31.20.42 Prevalence and Antimicrobial Susceptibility of Aerobic Bacterial Pathogens in Chronic Suppurative Otitis Media

Original Article

 

Chronic Suppurative Otitis Media

Prevalence and Antimicrobial Susceptibility of Aerobic Bacterial Pathogens in Chronic Suppurative Otitis Media

Kashif Waqas1, Muhammad Idris Mazhar2, M Saeed Razi3, Khalid Mahmood4 and Syed Zeeshan Haider5

ABSTRACT

Objective: To determine the prevalence of aerobic bacterial organisms in chronic suppurative otitis media (tubotympanic variety), difference in isolation of aerobic bacterial organisms and to establish pattern of antimicrobial sensitivity of these isolates.

Study Design: Prospective comparative study

Place and Duration of Study: This study was conducted at the Department of Microbiology, Institute of Molecular Biology & Biotechnology, The university of Lahore, Pakistan from January 2015 to December 2015.

Materials and Methods: Two hundred patients with chronic suppurative otitis media were included. An ear swab was taken from the middle ear by insertion of nichrome wire loop and conventional sterile swab separately.

Results: Thirty-six (18%) were <10 years of age, 104 were females. Only a few cases were seen in higher age groups. Hundred samples were collected using nichrome wire loop and conventional sterile swabs each. Yield ratio of organisms was 94.5% of samples. Nichrome wire loop showed no advantage over the conventional sterile swab. Staphylococcus aureus was the most common organism isolated, followed by Pseudomonas aeruginosa and Proteus species. 92.9 % of the organisms were susceptible to ciprofloxacin and only 20.1% were susceptible to trimethoprim-sulfamethoxazole.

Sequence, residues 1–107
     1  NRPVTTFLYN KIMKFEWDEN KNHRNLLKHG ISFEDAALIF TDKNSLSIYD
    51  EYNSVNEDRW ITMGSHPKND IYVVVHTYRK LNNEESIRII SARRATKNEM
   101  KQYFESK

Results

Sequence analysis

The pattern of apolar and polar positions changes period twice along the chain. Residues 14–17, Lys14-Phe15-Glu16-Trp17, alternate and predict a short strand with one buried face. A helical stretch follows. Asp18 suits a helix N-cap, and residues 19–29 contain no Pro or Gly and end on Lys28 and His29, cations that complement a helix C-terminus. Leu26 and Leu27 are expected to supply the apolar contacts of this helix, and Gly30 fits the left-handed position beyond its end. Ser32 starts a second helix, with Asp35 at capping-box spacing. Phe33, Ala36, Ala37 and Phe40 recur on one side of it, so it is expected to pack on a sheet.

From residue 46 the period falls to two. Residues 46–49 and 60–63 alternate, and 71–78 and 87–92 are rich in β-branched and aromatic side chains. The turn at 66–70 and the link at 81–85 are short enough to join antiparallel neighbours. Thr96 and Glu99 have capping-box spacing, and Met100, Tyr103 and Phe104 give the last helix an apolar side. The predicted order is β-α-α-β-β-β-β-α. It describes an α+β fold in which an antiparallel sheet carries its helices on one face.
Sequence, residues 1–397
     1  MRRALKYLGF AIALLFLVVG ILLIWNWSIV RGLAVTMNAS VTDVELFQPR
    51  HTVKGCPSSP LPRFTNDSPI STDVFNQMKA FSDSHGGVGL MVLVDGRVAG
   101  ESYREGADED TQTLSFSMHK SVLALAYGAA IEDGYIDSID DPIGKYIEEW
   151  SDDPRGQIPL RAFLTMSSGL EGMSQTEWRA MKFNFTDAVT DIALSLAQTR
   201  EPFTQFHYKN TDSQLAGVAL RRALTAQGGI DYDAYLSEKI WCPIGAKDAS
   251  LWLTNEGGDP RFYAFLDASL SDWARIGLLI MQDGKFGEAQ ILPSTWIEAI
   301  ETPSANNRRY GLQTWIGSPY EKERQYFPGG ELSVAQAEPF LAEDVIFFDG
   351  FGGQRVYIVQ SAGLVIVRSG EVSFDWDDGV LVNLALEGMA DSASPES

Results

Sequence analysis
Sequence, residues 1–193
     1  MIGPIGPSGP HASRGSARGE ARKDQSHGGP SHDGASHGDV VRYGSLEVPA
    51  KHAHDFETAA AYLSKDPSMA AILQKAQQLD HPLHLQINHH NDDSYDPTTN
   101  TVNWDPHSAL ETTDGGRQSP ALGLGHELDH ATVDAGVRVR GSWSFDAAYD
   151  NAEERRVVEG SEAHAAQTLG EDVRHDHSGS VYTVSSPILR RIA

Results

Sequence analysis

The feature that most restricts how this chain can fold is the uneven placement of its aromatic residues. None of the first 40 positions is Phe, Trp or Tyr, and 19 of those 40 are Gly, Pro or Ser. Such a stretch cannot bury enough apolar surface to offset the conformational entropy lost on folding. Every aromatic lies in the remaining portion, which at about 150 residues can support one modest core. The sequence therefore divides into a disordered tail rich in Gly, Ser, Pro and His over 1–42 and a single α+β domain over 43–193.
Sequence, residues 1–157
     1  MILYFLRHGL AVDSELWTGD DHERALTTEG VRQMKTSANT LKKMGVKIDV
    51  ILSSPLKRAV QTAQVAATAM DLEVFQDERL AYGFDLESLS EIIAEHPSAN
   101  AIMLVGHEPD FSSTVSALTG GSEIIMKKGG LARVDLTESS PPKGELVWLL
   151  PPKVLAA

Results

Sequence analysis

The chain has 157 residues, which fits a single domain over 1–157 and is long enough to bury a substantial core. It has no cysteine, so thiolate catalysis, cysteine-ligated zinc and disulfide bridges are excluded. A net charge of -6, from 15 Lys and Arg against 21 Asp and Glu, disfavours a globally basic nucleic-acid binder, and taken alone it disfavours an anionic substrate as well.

Conclusion: Bacterial isolates from ear samples with conventional sterile swab were found to be identical to those with nichrome wire loop. Conventional sterile swab was as good as nichrome wire loop for collection of ear samples.

Key Words: Chronic suppurative otitis media (CSOM), Ear swab culture & sensitivity pattern

Citation of article: Waqas K, Mazhar MI, Razi MS, Mahmood K, Haider SZ. Prevalence and Antimicrobial Susceptibility of Aerobic Bacterial Pathogens in Chronic Suppurative Otitis Media. Med Forum 2020;31(10):181-185.

 

 

INTRODUCTION

The term CSOM, chronic suppurative otitis media, is employed when discharge from middle ear continues beyond duration of more than 8 weeks.1 It is still prevalent around the world2 and is a source of concern to the treating physician and patients/families.3 Chronic suppurative otitis media may occur at any age. Western literature quotes the incidence rate of this condition as 15-20% in the paediatric population.4

 

 

1. Department of Microbiology / Paediatrics2, Islam Medical and Dental College, Sialkot.

3. Department of ENT, Sialkot Medical College, Sialkot.

4. Department of Microbiology, University College of Medicine and Dentistry / Institute of Molecular Biology and Biotechnology5, The University of Lahore.